Give the new senators a chance
Jacqueline Hodges writes: Re. “Lazy voters + broken system = sport, motoring lobbies in Senate” (Monday). Please. Everyone who is complaining that senators have been elected with a tiny percent of the vote, are loud, undignified and have no idea, cast your mind back to the election when Barnaby Joyce become a senator for Queensland through preference deals. Does the situation seem familiar? New England loves him now … Don’t write these people off before they’ve even had a go.
Notes from Yemen
Robert Johnson writes: Re. “‘Victory Ride Down Under’: how the world’s media covered the election” (yesterday). On Sunday morning I arrived for a meeting here in Sana’a, Yemen (Yemen last month moved from a Thursday/Friday to a Friday/Saturday weekend, in line with most countries in the region). The Deputy Minister for Planning and International Co-operation opened the meeting, turned to me and said “so, Robert, you have a new government in Australia; is this good news?” The sympathetic laughter to my reply at least gave me an instant understanding of exactly which officials understood English.
NT intervention not military
Neil James, executive director of Australia Defence Association, writes: Re. “Does Mundine support another military intervention in the NT?” (Monday). Bob Gosford unfortunately repeats a complete and harmful myth about the NT intervention. There has never been a “military intervention” of any description into an indigenous community in the Northern Territory or elsewhere. The continuing NT intervention, for example, has always been a civil government response, with the civil authorities always in charge and always under civil law. All the defence force has done is to assist the civil authorities, through the various implementing departments and agencies, with logistic and administrative support.
The ADF has never been used in a law enforcement role in indigenous communities. Such tasks have properly remained with the civil police and family/child welfare services. No ADF personnel supporting the NT intervention have ever deployed with weapons, used force or been required to use force (except for self-defence, as with any Australian citizen).
The operational head of the intervention on the ground was an ADF officer initially. However, he was seconded from the defence force to the Department of Families, Housing, Community Services and Indigenous Affairs, and appointed in a civil role. This only occurred because the senior federal police officer originally arranged for the position became unavailable and the emergency nature of the intervention, at least initially, was used by the then government to justify such a step.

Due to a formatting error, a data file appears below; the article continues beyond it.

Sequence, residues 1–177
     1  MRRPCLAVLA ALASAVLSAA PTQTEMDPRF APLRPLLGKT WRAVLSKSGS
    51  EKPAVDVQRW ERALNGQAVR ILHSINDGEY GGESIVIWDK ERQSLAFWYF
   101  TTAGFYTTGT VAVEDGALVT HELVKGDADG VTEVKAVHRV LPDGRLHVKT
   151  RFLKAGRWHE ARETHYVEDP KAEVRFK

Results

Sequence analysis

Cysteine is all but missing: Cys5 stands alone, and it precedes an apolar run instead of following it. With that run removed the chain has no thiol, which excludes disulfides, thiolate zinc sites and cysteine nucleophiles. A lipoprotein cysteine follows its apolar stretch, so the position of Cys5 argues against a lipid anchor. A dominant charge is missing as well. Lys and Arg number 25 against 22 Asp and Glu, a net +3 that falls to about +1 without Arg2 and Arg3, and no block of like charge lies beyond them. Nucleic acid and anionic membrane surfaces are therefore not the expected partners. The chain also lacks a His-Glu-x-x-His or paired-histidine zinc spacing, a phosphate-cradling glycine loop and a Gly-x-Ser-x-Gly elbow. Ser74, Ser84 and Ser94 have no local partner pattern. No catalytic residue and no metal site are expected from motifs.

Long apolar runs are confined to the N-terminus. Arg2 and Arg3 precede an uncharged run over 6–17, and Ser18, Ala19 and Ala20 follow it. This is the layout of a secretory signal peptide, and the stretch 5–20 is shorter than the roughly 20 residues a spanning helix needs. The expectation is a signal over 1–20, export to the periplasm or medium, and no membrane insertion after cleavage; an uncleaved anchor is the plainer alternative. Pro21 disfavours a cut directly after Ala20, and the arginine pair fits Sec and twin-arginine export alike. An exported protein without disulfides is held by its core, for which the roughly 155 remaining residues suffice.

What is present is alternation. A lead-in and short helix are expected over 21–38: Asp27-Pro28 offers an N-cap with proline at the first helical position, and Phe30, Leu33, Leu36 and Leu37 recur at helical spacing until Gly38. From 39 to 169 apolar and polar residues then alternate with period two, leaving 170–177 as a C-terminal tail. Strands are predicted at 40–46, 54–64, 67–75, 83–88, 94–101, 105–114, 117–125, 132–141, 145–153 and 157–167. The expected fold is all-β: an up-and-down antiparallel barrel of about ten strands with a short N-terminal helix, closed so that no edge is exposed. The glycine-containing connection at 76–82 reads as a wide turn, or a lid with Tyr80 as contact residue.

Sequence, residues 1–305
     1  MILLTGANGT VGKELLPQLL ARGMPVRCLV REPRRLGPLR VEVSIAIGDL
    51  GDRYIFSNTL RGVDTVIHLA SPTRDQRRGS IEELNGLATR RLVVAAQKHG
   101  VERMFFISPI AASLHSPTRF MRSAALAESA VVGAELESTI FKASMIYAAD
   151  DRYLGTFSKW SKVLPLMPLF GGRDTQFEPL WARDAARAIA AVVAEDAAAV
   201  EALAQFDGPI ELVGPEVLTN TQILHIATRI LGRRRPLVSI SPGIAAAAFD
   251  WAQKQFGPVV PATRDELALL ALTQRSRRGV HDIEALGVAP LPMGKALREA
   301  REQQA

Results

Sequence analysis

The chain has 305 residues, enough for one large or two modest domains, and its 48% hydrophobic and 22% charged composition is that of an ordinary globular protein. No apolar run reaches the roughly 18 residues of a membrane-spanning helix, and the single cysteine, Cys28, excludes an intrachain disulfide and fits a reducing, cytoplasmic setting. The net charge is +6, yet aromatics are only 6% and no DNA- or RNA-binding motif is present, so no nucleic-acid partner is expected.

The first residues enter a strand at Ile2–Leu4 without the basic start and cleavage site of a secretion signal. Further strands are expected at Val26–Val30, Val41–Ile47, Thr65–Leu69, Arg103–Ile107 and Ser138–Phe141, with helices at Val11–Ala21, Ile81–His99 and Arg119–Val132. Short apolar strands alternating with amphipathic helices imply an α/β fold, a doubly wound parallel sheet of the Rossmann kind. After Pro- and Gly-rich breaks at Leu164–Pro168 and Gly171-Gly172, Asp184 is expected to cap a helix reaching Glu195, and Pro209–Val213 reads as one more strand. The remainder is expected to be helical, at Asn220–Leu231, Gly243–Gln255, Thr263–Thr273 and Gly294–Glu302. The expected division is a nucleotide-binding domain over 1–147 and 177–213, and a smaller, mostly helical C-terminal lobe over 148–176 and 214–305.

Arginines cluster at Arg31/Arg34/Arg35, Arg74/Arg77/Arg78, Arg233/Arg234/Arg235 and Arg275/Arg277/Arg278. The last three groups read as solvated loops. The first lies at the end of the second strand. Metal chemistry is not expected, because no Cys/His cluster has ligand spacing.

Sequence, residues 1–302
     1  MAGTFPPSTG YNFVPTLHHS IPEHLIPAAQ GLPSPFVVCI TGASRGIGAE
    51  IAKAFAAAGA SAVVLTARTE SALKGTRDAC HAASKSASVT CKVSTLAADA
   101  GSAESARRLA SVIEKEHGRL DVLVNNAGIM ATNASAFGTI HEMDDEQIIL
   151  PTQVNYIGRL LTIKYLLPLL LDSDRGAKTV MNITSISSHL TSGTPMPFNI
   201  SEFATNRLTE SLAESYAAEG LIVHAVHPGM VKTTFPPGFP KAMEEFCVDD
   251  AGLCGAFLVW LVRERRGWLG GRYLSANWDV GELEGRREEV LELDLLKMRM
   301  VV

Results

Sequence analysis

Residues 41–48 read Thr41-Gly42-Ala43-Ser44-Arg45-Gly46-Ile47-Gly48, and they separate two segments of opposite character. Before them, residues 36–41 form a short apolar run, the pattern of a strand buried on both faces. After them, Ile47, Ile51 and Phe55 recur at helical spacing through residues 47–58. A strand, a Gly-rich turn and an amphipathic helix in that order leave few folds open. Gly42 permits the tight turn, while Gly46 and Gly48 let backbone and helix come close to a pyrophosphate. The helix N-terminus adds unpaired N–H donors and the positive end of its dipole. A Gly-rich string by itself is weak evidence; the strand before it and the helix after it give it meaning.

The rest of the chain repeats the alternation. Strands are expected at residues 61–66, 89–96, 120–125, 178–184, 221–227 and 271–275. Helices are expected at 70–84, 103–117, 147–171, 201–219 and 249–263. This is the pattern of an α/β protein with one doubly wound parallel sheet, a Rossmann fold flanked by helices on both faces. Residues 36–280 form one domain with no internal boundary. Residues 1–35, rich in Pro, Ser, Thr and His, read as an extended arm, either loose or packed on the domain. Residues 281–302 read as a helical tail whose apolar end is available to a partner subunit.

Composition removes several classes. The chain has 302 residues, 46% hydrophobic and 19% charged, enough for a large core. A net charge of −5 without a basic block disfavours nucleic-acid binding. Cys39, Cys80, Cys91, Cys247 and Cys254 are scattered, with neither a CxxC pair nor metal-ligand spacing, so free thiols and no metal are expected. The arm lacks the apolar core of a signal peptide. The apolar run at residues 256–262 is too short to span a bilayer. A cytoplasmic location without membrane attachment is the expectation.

The Australia Defence Association warned against this at the time because of the risk it would be misconstrued or deliberately misrepresented in an inflammatory and sensationalist fashion by some opponents of the intervention. Such misrepresentation and scaremongering subsequently occurred, such as ridiculous and indeed nasty claims that the “army was coming to grab children”. As the ADA continues to remind all Australians, governments of all political persuasions need to take great care not to risk the staunchly apolitical status of our defence force in Australian society by using the ADF in situations of party-political or major social controversy.
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Furthermore, the ADF, particularly the Army, has been working in and with outback Aboriginal communities since before World War II. Army surveyors mapped most of Northern Australia from the 1920s to the 1980s. The Navy’s coastwatcher networks have utilised Aboriginal members for nine decades. Various Army Reserve medical and dental units have conducted their annual camps helping outback Aboriginal communities since the early 1950s. The Army’s various regional force surveillance and regional intelligence units across northern Australia have been often comprised of mainly Aboriginal Diggers since the late 1970s.
The ADF personnel providing the logistic support to the NT intervention wear their uniforms proudly and reassuringly because indigenous Australians are so used to the presence of our defence force supporting their communities or otherwise interacting with them.
Niall Clugston writes: Re. “Crikey says: what’s in a mandate?” (yesterday). Discussing mandates, Crikey‘s editorial opines that: “Abbott tried to make the carbon price a campaign theme, but he struggled given its minimal impact”. This has to be one of the worst pieces of electoral analysis so far. Our Prime Minister-elect has ranted about a “great big new tax” for years. He clearly has a mandate to “axe the tax” and would have no credibility if he preserved a carbon pricing scheme. The fact that the existing scheme has been ineffectual is hardly a point in its favour. Proponents of a carbon tax or an emission trading scheme have to accept they have lost the political battle. Pumping out more hot air on the issue will only further suffocate and isolate their cause.